Amal Hassan Fadlalla Stimulates Discussion on Sudanese Identity at “Branding Humanity” Event
On Wednesday afternoon, Amal Hassan Fadlalla led a discussion on her new book “Branding Humanity: Competing Narratives of Rights, Violence, and Global Citizenship.” The event was organized by the Institute for Research on Women and Gender as a part of their New Works, New Questions series. The series highlights recent publications by University faculty members through panel discussions.
Fadlalla is an associate professor of Anthropology, Women’s Studies and Afroamerican and African Studies. She is also the author of “Embodying Honor: Fertility, Foreignness, and Regeneration in Eastern Sudan,” which was published in 2007.
In her most recent book, Fadlalla analyzed her ethnographic findings on Sudanese identity. She focused on how the different events of violence, wars and genocide have been framed by humanitarian organizations, celebrities and the media — giving many people an oversimplified opinion of a very complex situation.
Fadlalla emphasized the intricacies of different identities and ethnicities in Sudan and how the problems that have arisen as a result cannot be easily addressed.
“The book treats Sudan as an important site,” Fadlalla said. “Sudan, like many nations of this world, is a diverse country, but this diversity has been a curse rather than a positive attribute that can be mobilized to build a viable nation-state.”
During the event, Fadlalla began by explaining the elaborate history of Sudan which gave rise to many of the present-day issues surrounding identity the Sudanese face.
“Since the country’s independence from Britain in 1956, the modern nation-state in the Sudan has failed to capitalize on this diversity and frame it as a good thing for building an inclusive national framework,” Fadlalla said. “Efforts for nation building in Sudan have consistently failed to bridge gender, race, class, and ethnic boundaries,” Fadlalla said.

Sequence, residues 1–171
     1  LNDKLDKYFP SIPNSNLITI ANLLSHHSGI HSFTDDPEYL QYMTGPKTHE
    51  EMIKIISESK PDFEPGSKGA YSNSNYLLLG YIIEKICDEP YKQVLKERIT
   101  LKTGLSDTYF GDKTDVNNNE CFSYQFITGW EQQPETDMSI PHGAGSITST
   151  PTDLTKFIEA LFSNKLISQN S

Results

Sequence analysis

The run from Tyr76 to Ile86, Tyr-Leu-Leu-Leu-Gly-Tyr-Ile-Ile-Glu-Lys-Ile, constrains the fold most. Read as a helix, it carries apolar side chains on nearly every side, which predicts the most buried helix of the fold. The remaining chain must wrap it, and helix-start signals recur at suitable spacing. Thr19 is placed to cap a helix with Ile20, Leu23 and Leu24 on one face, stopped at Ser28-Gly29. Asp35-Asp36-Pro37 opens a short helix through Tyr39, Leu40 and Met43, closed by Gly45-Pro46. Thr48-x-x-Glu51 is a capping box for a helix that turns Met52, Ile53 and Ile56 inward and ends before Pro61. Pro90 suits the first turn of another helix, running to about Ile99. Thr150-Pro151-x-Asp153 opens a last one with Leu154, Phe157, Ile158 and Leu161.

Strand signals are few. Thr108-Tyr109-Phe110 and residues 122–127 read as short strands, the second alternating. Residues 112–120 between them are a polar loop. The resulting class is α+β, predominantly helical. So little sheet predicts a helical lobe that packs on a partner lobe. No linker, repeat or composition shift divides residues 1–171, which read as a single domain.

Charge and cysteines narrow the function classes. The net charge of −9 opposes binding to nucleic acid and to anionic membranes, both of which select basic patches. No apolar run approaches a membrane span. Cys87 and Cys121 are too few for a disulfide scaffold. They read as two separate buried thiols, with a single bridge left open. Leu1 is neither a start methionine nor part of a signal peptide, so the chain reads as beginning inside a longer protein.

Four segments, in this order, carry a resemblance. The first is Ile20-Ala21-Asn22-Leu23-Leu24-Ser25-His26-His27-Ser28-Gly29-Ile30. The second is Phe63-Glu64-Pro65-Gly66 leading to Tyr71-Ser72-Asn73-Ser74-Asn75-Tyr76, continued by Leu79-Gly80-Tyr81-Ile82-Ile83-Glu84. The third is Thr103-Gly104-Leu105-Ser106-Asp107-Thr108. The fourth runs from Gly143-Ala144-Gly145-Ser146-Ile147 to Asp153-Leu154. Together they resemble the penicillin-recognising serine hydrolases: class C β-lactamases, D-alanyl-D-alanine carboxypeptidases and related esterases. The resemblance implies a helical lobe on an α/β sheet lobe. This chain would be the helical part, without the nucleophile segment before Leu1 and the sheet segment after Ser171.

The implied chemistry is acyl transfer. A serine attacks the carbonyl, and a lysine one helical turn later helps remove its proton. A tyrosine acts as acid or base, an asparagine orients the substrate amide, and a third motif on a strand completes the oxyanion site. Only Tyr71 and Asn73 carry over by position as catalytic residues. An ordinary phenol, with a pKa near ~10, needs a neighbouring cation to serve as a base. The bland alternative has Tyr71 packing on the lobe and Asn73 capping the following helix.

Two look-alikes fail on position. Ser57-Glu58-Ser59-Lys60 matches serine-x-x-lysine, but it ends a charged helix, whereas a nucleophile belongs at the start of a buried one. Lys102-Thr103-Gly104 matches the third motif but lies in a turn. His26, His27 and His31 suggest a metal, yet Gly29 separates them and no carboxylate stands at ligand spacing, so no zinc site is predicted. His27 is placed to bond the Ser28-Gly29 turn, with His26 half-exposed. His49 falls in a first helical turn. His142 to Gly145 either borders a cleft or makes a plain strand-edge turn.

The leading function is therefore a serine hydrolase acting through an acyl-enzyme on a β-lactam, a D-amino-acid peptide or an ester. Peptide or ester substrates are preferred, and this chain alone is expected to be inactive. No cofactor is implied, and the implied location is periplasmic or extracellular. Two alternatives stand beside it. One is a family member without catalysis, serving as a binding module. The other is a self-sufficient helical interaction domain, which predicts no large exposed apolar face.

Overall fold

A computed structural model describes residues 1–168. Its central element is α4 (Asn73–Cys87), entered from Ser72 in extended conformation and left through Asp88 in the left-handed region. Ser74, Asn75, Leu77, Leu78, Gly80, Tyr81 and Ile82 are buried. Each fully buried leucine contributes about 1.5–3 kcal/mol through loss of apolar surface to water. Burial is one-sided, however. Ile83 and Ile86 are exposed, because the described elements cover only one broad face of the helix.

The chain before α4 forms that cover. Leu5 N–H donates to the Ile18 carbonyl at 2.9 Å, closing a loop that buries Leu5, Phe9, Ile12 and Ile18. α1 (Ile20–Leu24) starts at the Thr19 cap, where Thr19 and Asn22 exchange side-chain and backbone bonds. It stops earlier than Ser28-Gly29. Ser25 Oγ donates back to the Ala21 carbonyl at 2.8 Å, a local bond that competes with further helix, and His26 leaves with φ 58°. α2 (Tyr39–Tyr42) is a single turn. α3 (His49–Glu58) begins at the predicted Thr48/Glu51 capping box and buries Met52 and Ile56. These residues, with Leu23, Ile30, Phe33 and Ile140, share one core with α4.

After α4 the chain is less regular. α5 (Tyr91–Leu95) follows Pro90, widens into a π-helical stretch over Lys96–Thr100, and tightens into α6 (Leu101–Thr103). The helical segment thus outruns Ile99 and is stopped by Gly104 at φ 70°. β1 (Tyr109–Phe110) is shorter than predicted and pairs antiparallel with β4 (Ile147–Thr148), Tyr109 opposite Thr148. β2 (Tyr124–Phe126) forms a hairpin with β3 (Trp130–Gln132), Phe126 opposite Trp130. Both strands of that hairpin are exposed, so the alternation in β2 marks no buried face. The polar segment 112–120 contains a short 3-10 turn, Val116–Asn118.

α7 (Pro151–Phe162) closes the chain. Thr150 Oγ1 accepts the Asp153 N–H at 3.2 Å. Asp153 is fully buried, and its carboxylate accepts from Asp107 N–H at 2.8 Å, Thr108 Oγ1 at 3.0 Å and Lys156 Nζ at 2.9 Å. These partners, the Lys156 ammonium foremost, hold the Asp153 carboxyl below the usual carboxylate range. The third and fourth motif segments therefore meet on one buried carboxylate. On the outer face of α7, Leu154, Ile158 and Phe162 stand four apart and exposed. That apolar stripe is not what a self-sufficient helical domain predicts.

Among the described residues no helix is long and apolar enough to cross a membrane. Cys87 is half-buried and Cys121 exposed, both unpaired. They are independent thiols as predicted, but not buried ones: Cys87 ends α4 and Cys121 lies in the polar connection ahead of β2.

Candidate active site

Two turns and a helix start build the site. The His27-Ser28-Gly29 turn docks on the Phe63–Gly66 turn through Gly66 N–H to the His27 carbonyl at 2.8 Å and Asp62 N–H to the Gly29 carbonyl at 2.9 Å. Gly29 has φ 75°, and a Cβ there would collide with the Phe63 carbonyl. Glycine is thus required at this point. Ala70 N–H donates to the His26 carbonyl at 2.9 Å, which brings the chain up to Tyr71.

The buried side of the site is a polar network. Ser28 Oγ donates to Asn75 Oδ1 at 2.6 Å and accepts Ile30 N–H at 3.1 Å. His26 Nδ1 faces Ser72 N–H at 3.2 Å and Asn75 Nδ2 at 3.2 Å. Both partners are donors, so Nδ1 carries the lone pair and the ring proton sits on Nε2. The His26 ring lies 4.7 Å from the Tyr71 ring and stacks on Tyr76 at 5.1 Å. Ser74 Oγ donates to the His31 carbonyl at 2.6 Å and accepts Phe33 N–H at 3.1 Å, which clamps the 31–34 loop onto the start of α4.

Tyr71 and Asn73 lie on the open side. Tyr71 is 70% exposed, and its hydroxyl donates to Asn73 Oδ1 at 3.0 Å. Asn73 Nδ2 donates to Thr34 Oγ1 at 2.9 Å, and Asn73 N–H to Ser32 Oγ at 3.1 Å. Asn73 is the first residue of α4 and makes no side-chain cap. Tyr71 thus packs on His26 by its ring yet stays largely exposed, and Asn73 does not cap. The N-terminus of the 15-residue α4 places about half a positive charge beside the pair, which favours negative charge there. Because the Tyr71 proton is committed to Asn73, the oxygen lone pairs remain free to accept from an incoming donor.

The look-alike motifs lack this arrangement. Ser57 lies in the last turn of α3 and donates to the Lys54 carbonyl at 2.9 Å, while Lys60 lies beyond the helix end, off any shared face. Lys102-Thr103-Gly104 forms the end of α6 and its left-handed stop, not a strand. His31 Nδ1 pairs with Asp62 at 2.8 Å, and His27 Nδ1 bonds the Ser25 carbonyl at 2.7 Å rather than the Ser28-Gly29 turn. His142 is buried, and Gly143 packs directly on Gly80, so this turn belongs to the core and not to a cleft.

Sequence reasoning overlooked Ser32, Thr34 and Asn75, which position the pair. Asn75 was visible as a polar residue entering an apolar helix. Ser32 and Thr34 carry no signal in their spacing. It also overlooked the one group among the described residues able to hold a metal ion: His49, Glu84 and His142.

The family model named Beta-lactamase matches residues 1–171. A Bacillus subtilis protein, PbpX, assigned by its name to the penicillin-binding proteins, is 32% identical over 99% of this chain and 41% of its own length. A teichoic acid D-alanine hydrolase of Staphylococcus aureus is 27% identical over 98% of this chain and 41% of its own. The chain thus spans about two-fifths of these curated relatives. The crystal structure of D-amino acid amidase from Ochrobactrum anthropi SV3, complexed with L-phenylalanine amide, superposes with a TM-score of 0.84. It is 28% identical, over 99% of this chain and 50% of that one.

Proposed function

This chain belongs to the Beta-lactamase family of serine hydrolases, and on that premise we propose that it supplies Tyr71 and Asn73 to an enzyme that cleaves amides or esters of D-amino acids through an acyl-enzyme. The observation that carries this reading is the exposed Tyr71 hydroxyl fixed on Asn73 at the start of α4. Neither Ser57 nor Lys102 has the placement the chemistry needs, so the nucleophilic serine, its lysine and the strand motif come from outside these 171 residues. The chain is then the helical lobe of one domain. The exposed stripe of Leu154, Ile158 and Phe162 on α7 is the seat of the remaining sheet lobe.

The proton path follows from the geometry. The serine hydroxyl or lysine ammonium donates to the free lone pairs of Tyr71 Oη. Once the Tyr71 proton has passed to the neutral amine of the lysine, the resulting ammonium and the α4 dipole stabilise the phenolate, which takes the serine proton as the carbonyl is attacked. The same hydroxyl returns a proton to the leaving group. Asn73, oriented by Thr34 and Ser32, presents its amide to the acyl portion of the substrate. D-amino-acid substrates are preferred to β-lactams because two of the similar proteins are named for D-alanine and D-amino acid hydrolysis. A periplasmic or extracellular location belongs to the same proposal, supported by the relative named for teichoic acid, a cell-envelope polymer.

Fadlalla cites both the split of Sudan into two nations — Sudan and Southern Sudan — and the Darfur conflict as critical problems in Sudan that have arisen due a lack of diversity and inclusive citizenship. The problem of ambiguous identity was amplified by the fact that these events catalyzed diasporas of Sudanese people.
Fadlalla said all of these issues perplexed her, ultimately inspiring her to write her book.
“This history of national conflict, from mutation and dispersal, made me think about how Sudan ethnic conflicts have been represented outside the country,” Fadlalla said.
In her book, Fadlalla analyzes the question by interviewing Sudanese immigrants in the United States, as well as interviewing Sudanese activists in the Sudan. During her research, Fadlalla found that many humanitarian organizations focus on the extreme details of situations in the Sudan and oversimplify them in ways that polarize the Sudanese and unfairly represent their diversity and ideologies.
“In my discussion of identity politics in the book, I show how transnational alliances, especially those focusing on human rights and humanitarianism, mobilize the language of ethnic suffering and gender-based violence to raise awareness about Sudanese conflicts in very simplistic terms,” Fadlalla said.
Additionally, Fadlalla said celebrities such as George Clooney, who became the face of the United States’ effort to help Sudan, can further polarize and sensationalize the issues in the media and obscure the diversity and complexity of the issues.
LSA sophomore Rachel Paroff is a student in one of Fadalla’s classes. In an interview with The Daily after the event, Paroff said she was most interested with Fadalla’s discussion on the impact of celebrity-sponsored humanitarian causes.
“You want to praise people for caring about issues like this, but it’s not something that they studied,” Paroff said. “It’s not like they’re asking the people (who the issues are) affecting.”
A panel of fellow faculty members, including Sandra Gunning, professor of English, Women's Studies, Afroamerican and African Studies and American Culture, and Victor Mendoza, associate professor of English, Women’s Studies and Asian/Pacific Islander American Studies,joined the discussion. They had all read Fadalla’s book, and during the event they gave their own opinions on it.
Gunning expressed her appreciation for the book.
“I was impressed,” Gunning said. “I feel the book is insightful, rigorous, knee-deep, but also meditative.”